So, I’m a high school band director.

It’s my day job, and has been for 20 years now.  The meme above is one of those “band director jokes that we use to laugh about how insanely busy our jobs are.  One thing we were told often in our training is that we would “learn to wear many hats” as part of the job.  If you’ve never heard that saying, a “hat” is just a metaphor for a job or task you’re responsible for.  If you’ve been in indie game development long, you’re already nodding your head.  Truer words have never been spoken.

What kinds of hats are we talking about here?

The Producer Hat

You’re the one who came up with the idea for your game, and you’ll likely be the driving force behind getting it done.  You’ll be shaping the overall vision of the project and making big decisions concerning features, content, artwork, marketing, and budgeting.  This is the “big picture” hat.  If you’re an indie dev, you’re ALWAYS wearing this one.

The Designer Hat

This hat usually goes right on top of the Producer.  This hat worries more about look, feel, and function.  “Is that bed prop large enough for our character sprite to fit?”  “Can the player MAKE that jump?”  “Does that building fit into the game world?”  You’ll be the one asking the overarching questions about how everything fits together in your game.

The Programmer Hat

This one is pretty obvious.  Whether you’re typing by hand, using off-the-shelf code, or even using a visual scripting tool…your game needs to work.  If you picked up a coin and the coin counter didn’t change, you’ll be putting on your programmer hat and debugging the problem!  Even if your forte is art, music, or ideas…you’ll still need a basic grasp of how to read and adjust code – using whatever system you prefer!  Systems like Bolt, Unreal’s Blueprint, and PlayMaker are making this hat fit better for everyone.  Me?  I LOVE to write code…it’s my most comfortable hat!

The Artist Hat

Crap.  We’ve gone from my favorite hat to my least favorite one.  If I had tons of money, I’d hire a couple of artists and have all of the props, scenery, and characters handed to me – then put my game together like a glorified lego set.  In the real world, most of us are starting this journey as a hobby or while we’re students.  Without those limitless funds, you’ll be learning the basics of art, color theory, and animation.  You ‘ll need to edit or customize a purchased asset, or jump into Aseprite, Blender, Photoshop, or Clip Studio and create your own.  

Believe it or not, most indie game developers start with this hat as their “main.”  I’m jealous!!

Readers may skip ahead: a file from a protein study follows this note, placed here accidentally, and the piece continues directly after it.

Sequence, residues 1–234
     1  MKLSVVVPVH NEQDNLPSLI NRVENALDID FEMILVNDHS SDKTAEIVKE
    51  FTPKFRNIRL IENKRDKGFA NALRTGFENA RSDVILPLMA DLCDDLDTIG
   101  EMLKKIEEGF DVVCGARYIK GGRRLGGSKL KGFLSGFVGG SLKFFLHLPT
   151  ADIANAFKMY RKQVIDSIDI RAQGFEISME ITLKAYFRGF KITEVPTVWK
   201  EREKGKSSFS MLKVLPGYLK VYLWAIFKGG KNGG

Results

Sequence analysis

The Musician Hat

You would think that THIS hat would be my comfy hat…I have 2 music degrees and 20 years’ teaching experience.  I had to write a wind symphony as my Master’s thesis.  Music is unique – it blends the complexity and interrelated nature of coding with beauty and artistry.  Each scene, moment, character, and event in your game needs just the right score behind it.  If you’re an RPG fan like I am, think of any “big” cinematic moment.  For me, I remember playing Final Fantasy VI (We called it 3) on the SNES as a kid.  There was a suicide scene (heavy, right?) with Celes, who was trapped all alone on a deserted island.  Despite all of her strength and power, she was all alone.  The score plays, and the character edges closer and closer to the cliff’s edge.  It’s INTENSE!!  

I have to lighten up a little after that memory.  How about “Delightful Spekkio” from Chrono Trigger??  PERFECT for that character!!  Music matters, and you’ll need to at least develop a taste for it so you can evaluate the best score for each moment in your game.  Even if you’re no composer, you’ve been listening to music your whole life!

Buisiness Hat

If you’re looking to make a career out of this, you’ll need to wear this hat, along with Marketing, Advertising, Researcher, and a few other hats.  Making a game is hard; getting people to love it as much as you do is even HARDER.  You’ll need to understand your target audience, make connections in the industry, and find channels to promote your work and gather a following.

I had to learn WordPress, buy web hosting, verify my business with Facebook, get a business license, and learn to do business taxes.  And I haven’t even had a big release yet!!  The more you know about organizing your resources, the better off you’ll be.

To be contined…more hats to come!